They rob us from our deams and our traditions...
New Age Shamanism versus Turtle Island's Traditional Life Ways
Shaman is a foreign term
It has come to our attention that many people wonder about the difference between a shaman and a Mide (member of the Anishinaabe Midewiwin Lodge who is a healer, a philosopher, an artist, or all three of them combined).
First of all, SHAMAN, a term originally used for Native healers in Siberia, has become a NEW AGE-inspired catch-all term that is foreign to, and way too general to be applied to, any type of spiritual practitioner (or artist) belonging to the original inhabitants of Turtle Island (America). Even Miskwaabik Animikii, who was undeniably the greatest Native/Aboriginal artist of the last century but at one time became influenced by outsiders coersing him into their New Age worldview, helped spreading the term "shaman."
But what is it, then, that distinguishes Shamanism from Native American spiritual/traditional Life Ways? Let's take a close look at the Midewiwin, or the Lodge Of Healers Who Are In A Sacred And Unseen State, an ancient Medicinal society that for thousands of years has shaped Anishinaabe society and whose rites until today promote bimaadiziwin: leading a long, healthy and upright life, spiritually, socially, and politically, both individually and collectively.
Two methods of treating the sick are in use among the Midewiwin; both methods depend on communication with, and the aid of, the spirit world, but most Mide specialists are basically plant doctors, herbalists who have an encyclopedic knowledge of the mysterious properties of an enormous variety of plants, herbs, roots, and berries. This herbal knowledge is often obtained from dreams, the remedies and knowledge and know-how being handed down from the spirit world ALWAYS individual, and NEVER general.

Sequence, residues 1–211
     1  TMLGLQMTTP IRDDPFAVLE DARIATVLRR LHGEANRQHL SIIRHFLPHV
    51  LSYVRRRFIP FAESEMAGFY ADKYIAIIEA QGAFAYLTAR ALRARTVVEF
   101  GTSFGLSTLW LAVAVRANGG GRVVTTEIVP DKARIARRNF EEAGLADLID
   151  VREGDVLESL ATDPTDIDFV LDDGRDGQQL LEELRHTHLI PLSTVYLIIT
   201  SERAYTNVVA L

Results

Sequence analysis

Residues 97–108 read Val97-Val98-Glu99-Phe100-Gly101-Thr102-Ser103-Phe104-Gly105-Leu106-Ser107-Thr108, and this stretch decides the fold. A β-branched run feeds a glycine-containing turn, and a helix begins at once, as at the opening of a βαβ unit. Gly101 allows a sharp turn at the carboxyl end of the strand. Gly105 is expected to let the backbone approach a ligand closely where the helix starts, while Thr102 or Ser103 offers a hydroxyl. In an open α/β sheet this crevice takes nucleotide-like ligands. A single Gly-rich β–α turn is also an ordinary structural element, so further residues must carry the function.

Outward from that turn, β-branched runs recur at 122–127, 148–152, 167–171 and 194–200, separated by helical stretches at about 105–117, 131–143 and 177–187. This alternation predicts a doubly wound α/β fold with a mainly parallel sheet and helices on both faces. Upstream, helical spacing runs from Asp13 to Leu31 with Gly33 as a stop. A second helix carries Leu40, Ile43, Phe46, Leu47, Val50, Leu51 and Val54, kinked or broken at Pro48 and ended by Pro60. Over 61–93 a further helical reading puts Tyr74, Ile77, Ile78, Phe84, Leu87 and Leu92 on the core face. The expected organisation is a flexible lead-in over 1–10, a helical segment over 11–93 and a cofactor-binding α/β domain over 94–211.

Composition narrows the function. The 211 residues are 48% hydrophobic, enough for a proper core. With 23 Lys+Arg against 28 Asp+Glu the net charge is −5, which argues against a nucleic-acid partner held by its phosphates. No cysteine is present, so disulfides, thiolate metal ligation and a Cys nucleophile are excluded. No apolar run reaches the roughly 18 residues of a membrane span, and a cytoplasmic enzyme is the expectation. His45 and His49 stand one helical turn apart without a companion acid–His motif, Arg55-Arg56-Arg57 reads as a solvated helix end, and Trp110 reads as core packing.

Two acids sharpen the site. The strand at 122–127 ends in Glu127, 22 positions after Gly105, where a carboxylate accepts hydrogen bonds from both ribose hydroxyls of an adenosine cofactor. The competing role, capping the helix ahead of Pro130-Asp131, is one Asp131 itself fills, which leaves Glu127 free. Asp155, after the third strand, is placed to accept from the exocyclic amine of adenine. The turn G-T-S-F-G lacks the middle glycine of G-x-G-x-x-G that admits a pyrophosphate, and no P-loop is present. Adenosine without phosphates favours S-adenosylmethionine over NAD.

Inaabandamowinan (dreaming) or seeking waasayaa-bindamiwin (a vision) are the primary means by which a healer (or an artist!) can enter into direct social interaction with the spirit world. Today’s Mide healers, as well as some artists (particularly Medicine Painters) who are also a member of Midewiwin, still attribute healing powers to makwa the bear, nigig the otter (who once saved the People from extinction by bringing from the depths of the waters a healing plant), and makadeshigan the black bass (who is said to have once offered himself as a medicine)... Some of the best Mide remedies are received from the bear through dreams.
It is important, though, to understand that a Mide healer and/or artist can only reach the highest possible order of healing powers through a HIGH ETHICAL STANDARD, and not by KNOWLEDGE OR SKILLS ALONE. What counts are not only knowledge of, for instance, plant and self, but also the ability to bring together the healing capacities of both plant (or artwork) and self. Only a herbalist gifted with and keeping up a high standard of inner power can expect the plant being to reveal his own healing power; only then the plant will allow the herbalist to confer his (or her) inner curative power upon the plant itself. The same principle applies to artists: in order to find answers, an artist must reach inside and at the same time look at, and focus on, and communicate with, the animals, the plants, the fish, the spirits, and the ancestors.